Ichiro a 'unanimous' pick for Mariners HOF

Induction celebration scheduled for Aug. 26-28 weekend at T-Mobile Park

November 17th, 2021

SEATTLE -- The post-career accolades had to begin at some point, right? Even though still dresses in full uniform for every Mariners home game as an instructor on the coaching staff, still looking the part of a big leaguer in so many ways, the franchise icon is beginning to receive the accolades that follow in the years of retirement.

On Wednesday, the Mariners announced that Ichiro will be inducted into the team’s Hall of Fame next year. A commemorative ceremony will be held on Saturday, Aug. 27, ahead of a home game against the Cleveland Guardians, as part of a weekend-long celebration of his storied career.

When he’s enshrined, Ichiro will join Mariners Hall of Fame members (in order of induction): Alvin Davis, Dave Niehaus, Jay Buhner, Edgar Martinez, Randy Johnson, Dan Wilson, Ken Griffey Jr., Lou Piniella and Jamie Moyer.

It’s likely the first such enshrinement for the 48-year-old, who will become eligible for the National Baseball Hall of Fame in 2025. Many believe he will be a first-ballot selection after his 19-year career that included numerous historical statistic accolades.

Speaking of, his list of those accomplishments is rich:

• 10 consecutive Gold Glove Awards
• 10 consecutive All-Star Game appearances, including MVP of the 2007 game in San Francisco, where he went 3-for-3 with the first inside-the-park home run in Midsummer Classic history
• From 2001-10, he recorded at least 200 hits each season, an MLB record
• In 2004, he recorded 262 hits, surpassing the MLB single-season record of 257, set in 1920 by George Sisler
• Three Silver Slugger Awards (2001, '07, '09) and two American League batting titles (2001, '04)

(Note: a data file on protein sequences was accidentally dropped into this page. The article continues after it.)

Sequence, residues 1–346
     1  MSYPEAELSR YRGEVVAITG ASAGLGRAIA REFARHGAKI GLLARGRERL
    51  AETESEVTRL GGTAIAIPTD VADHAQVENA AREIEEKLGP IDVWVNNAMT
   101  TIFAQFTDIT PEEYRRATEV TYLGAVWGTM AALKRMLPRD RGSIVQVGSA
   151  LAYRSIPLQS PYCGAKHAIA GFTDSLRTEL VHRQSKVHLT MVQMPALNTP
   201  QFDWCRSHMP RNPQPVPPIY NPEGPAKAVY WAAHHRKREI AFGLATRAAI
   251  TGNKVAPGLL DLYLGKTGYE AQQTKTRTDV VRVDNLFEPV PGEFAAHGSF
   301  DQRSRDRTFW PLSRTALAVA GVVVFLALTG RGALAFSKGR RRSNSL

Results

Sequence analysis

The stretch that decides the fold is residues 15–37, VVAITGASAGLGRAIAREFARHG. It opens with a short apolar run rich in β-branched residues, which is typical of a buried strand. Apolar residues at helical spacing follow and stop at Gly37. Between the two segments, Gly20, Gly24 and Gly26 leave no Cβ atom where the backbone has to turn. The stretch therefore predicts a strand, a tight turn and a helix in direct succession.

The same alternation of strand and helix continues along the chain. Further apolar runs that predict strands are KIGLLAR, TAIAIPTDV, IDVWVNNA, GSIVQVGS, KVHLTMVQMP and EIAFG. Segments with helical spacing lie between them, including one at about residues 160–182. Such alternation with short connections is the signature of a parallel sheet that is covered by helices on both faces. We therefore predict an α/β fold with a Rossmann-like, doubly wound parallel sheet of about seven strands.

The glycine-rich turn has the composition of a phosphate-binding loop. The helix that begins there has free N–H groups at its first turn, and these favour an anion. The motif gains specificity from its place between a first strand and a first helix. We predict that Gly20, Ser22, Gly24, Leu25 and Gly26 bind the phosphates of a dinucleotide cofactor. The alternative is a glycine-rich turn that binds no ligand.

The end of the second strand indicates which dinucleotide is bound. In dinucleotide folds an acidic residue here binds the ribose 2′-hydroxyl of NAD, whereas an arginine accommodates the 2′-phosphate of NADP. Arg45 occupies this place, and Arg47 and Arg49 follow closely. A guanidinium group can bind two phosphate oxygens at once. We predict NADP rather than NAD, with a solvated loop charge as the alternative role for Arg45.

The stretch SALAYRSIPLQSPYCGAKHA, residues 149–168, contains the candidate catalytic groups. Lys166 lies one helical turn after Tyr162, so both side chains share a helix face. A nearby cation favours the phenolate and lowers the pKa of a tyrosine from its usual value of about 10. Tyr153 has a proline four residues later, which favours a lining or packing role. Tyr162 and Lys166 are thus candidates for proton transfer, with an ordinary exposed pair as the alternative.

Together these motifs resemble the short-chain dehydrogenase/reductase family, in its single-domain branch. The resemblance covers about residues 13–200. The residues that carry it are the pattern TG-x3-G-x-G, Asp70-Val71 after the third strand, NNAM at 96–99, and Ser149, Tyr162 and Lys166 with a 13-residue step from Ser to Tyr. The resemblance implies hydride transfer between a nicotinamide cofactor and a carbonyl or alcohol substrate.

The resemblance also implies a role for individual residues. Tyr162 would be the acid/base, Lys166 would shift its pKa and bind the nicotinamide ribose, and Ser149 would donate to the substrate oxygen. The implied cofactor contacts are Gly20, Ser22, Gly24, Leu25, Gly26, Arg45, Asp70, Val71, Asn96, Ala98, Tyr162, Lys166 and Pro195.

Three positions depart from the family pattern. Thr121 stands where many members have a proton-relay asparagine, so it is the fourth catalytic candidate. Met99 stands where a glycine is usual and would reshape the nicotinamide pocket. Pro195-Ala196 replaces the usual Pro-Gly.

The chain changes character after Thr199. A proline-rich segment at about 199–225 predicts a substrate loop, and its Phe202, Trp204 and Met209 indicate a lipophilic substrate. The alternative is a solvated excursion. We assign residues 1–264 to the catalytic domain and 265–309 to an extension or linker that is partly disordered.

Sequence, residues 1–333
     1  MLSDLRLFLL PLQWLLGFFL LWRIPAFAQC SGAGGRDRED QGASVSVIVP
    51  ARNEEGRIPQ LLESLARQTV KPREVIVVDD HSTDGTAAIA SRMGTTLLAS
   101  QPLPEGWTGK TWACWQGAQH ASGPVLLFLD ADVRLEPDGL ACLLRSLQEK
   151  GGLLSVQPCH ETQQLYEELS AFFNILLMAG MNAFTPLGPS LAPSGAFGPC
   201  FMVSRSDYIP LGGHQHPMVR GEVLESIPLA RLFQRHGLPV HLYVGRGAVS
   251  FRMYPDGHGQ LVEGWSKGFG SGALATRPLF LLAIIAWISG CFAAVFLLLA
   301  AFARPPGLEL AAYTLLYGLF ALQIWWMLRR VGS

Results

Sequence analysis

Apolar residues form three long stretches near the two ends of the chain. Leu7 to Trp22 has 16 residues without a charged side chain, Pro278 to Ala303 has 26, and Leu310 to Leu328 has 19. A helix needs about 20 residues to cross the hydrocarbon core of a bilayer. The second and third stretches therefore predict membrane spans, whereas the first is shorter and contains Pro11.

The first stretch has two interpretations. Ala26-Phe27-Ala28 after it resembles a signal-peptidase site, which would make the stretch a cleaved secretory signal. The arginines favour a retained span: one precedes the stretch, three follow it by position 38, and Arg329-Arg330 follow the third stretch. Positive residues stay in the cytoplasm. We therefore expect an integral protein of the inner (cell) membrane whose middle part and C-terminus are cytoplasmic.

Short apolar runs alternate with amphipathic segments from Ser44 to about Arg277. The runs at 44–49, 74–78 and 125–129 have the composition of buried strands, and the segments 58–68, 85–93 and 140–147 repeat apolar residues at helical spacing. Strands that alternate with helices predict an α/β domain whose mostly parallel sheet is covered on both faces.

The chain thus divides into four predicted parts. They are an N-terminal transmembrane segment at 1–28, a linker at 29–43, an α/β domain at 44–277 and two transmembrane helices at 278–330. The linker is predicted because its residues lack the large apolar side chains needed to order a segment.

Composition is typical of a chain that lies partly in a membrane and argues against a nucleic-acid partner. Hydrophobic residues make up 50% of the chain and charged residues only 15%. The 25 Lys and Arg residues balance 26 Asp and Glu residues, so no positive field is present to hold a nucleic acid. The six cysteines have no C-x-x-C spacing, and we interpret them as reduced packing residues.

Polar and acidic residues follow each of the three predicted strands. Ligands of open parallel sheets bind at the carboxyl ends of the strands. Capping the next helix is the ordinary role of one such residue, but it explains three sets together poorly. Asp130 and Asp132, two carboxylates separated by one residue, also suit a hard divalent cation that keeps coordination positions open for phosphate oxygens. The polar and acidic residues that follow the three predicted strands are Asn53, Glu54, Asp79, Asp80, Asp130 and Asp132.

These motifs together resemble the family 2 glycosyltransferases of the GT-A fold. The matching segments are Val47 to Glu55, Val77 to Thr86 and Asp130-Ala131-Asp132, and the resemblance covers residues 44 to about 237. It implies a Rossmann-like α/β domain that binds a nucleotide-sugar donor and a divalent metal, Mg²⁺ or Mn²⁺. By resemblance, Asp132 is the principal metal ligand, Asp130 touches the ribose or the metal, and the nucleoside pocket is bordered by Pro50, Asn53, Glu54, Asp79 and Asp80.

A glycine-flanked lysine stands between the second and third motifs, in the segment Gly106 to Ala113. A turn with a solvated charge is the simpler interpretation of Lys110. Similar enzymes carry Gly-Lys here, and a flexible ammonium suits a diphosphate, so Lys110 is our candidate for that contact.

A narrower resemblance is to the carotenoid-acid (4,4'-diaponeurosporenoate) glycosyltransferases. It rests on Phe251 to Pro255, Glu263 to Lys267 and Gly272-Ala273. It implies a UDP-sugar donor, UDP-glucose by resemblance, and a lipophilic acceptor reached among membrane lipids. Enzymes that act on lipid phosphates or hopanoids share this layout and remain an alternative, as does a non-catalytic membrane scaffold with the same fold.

• American League stolen base leader (2001)
• Recorded his 3,000th Major League hit on Aug. 7, 2016, (a triple), becoming one of 31 players to reach that milestone

He also remains the Mariners’ all-time leader in several categories:

• First in hits (2,542), batting average (.321), at-bats (7,907), triples (79), and stolen bases (438)
• Second in games (1,861) and runs (1,181)
• Third in doubles (295) and total bases (3,292)

“Mariners fans were fortunate to have watched Ichiro Suzuki perform his magic at the plate and in the field for over a decade in a Mariners uniform,” Mariners chairman and managing general partner John Stanton said in a statement. “As the first position player to transition from Japan to Major League Baseball, Ichiro opened minds and won hearts of American fans with his brilliant play and dedication to his craft. His selection to the Mariners Hall of Fame was unanimous, and I fully expect Ichiro to take his place in Cooperstown on the first ballot in 2025.”

In addition to serving as a special instructor for the big league team, Ichiro also fills that role at Triple-A Tacoma, particularly when the Mariners are on the road. He also is a special assistant to Stanton.

Ichiro retired on March 21, 2019, at age 45, after playing two regular-season games to open that season in his homeland of Japan, at the Tokyo Dome, which remains one of the most memorable moments in franchise history.

The Mariners Hall of Fame was created to honor the players, staff and other individuals who greatly contributed to the history of the Mariners franchise. To be eligible for selection, a player must have been active in a Mariners uniform for at least five seasons and be retired as a player at least two years, which aligns with Ichiro’s retirement and his selection on Wednesday.

In addition to a player’s impact on the field, other considerations for possible induction include his positive impact on the Northwest community outside of baseball and a player’s positive impact in enhancing the image of the Seattle Mariners and/or MLB.